Drawing the LineMargaret Ernst BMC ’11 | March 8, 2010
I get a variety of reactions at home in the U.S. when I say I’m a religion major.
Sometimes people are excited. Sometimes they’re confused. Some have offered practical advice: “Of course! You could be a tour guide at the Vatican.”
The responses have been just as diverse on this trip. Turkish politics is vastly about religion and we were warned that conversations about Kemalism or Islamism can become highly charged, so almost every time I’ve shared my major, I’ve braced myself. Will they think I’m a fanatic, I wonder? Or that I’m not into democracy?
But at least in university settings, twenty-something’s must be twenty-something’s everywhere.
“I have no interest in religion, but I should probably learn about it,” Firat, one of our consistent traveling companions from Vocaliz told me. “Do you study all religions?” asked a choir member from METU, trying to clarify.
I’ve found some students to be concerned that Turkey’s current government could be posing a deep threat to its secular status. But because modern America has seen a debate along similar lines since the Scopes Monkey trial, many American students I meet are just as suspicious when I tell them my major as students here are curious.
I’ve read that with Iran and Syria next door, seriously religious governments feel very real for Turks—a lot more real than “Inherit the Wind” for Americans. The Ottoman Empire, in which Islam was the state religion, was a lot more recent than religious intolerance in Puritan Massachusetts.
There are two very different grains against which the sacred/secular debate seems to work in Turkey and at home. So what I’ve found to be different are not what the Turkish students I’ve met imply about what it means to be religious, but rather what it means to be secular in Turkey.
You can gauge it from walking down the university halls. Headscarves have been illegal in public institutions, including universities, since Atatürk’s proclamation that Turkey was a secular state in 1924. In 2008 Parliament revoked the ban, only to be annulled by the courts a few months later. So METU and Anadolu University, where we gave concerts this week, remain places where Islam is invisible. In the U.S., it feels like there is a much larger space between “public institution” and private sphere that I would have never noticed had I not realized what distinguishes the two in Turkey.
America’s secularists are very unlike Atatürk. They speak against Genesis in textbooks and God on the dollar bill; Atatürk undid an entire religious past in a year, or at least tried to. Considering just how different our experiences have been with religion in the past century, it’s not surprising the places over which Americans squabble about religion are very different from the loci of those battles in Turkey.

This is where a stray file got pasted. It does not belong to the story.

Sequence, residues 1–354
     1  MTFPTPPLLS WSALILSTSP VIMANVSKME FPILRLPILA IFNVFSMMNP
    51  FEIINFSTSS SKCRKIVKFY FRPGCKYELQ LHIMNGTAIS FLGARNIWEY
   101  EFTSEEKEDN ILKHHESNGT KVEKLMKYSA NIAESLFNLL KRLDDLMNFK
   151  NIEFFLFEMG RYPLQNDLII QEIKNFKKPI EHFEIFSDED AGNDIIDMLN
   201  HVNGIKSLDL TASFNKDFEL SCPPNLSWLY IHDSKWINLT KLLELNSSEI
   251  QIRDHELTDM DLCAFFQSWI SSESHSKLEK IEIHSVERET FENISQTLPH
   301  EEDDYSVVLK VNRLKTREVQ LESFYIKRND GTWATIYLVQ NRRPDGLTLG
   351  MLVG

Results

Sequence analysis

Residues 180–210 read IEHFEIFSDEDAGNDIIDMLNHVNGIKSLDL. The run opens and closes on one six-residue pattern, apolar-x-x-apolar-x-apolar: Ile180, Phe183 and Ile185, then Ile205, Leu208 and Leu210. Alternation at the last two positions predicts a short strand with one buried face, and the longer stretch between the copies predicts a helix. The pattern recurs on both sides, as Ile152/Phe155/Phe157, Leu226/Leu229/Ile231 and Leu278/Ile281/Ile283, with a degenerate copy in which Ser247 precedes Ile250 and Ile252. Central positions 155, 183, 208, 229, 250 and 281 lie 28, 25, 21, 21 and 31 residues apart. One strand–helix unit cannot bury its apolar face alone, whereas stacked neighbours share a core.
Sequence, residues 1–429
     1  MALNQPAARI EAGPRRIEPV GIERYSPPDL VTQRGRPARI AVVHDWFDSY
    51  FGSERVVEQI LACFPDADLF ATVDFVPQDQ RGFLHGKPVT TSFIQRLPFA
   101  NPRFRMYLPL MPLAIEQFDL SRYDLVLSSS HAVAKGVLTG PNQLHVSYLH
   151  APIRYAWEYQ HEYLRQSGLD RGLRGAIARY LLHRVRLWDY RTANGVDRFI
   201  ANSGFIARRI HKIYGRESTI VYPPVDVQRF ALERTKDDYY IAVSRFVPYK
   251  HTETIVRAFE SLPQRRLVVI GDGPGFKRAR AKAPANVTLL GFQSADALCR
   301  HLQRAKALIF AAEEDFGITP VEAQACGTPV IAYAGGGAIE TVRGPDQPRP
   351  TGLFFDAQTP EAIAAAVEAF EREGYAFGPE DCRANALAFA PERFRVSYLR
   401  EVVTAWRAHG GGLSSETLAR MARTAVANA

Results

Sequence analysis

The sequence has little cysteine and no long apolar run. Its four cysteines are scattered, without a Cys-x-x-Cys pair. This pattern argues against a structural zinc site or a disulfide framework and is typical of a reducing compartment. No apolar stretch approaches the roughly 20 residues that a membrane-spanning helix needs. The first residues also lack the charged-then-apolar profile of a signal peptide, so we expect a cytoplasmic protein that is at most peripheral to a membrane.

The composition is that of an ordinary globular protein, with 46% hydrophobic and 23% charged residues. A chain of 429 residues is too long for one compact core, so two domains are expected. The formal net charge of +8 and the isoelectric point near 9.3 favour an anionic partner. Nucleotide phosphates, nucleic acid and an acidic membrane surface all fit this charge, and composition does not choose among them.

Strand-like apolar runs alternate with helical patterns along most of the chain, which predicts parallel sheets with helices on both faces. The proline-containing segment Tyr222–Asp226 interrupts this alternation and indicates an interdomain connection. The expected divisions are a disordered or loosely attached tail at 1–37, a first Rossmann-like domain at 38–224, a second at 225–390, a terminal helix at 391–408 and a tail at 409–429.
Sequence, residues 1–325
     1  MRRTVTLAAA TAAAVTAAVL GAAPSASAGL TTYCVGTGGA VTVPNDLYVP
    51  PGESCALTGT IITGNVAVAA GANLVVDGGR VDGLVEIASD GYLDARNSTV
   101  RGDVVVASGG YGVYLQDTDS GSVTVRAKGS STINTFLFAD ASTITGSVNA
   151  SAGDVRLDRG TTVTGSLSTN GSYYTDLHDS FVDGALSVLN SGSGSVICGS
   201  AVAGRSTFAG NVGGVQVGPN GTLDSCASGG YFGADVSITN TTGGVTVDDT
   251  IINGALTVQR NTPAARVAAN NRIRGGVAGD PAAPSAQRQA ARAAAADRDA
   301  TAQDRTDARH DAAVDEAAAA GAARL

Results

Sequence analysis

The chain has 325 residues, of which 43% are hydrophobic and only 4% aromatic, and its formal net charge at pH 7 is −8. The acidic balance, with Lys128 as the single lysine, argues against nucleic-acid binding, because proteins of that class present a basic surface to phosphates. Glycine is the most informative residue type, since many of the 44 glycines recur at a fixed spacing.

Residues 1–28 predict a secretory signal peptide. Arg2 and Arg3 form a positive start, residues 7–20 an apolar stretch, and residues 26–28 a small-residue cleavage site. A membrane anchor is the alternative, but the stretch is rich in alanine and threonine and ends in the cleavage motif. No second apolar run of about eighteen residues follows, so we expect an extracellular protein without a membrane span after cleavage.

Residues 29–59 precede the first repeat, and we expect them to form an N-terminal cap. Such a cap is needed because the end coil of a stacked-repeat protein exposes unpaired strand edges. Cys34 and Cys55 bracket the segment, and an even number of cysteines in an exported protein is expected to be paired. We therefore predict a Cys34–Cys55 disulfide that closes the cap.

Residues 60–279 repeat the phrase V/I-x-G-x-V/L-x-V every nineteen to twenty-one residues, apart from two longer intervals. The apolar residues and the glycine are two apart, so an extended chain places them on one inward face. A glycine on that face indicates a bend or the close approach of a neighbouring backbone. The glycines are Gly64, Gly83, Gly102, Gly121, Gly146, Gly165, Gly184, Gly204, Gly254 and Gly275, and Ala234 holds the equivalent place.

In the States, a public figure’s body is a space for debate about where to draw the line between church and state. People worried about extremism could balk if they saw a cross or a hijab on the presidential candidate. The institutions up for debate are civic things and symbols. The stone Bible in Alabama’s courthouse. The National Anthem, the dollar bill. More ambiguously, abortion battles rage with the line in clear sight. But moreover, the iconographic side of secularists’ war in the United States takes place around icons that are decidedly more governmental than a university classroom.
Atatürk’s confident, half-squinting face is indeed everywhere here. The flags and ceiling-to-floor photos express a different kind of nationalism than America’s and a different kind of secularism, both growing from two very different histories. In his book about Turkish modernity “Crescent and Star”, Stephen Kinzer wrote that though Islam was discouraged by state for years in Turkey, the cult of Atatürk, especially visually, has cultivated enough materials and doctrines to make it feel like a religion itself.
As we put it in our discussion this morning on the carpet of our hotel’s conference room, Turkey simply defies categorization.
I may not have seen headscarves at METU or Anadolu, but as I sit in my hotel bed I’ve just heard the call to prayer issued after three beeps over a loud speaker. It’s a nudging, surreal reminder that I’m visiting a historically Muslim country for the very first time, and that this entrancing song-chant floats over 100,000 sleeping people in Eskişehir, where tomorrow we will leave for another city that will be woken up by it too.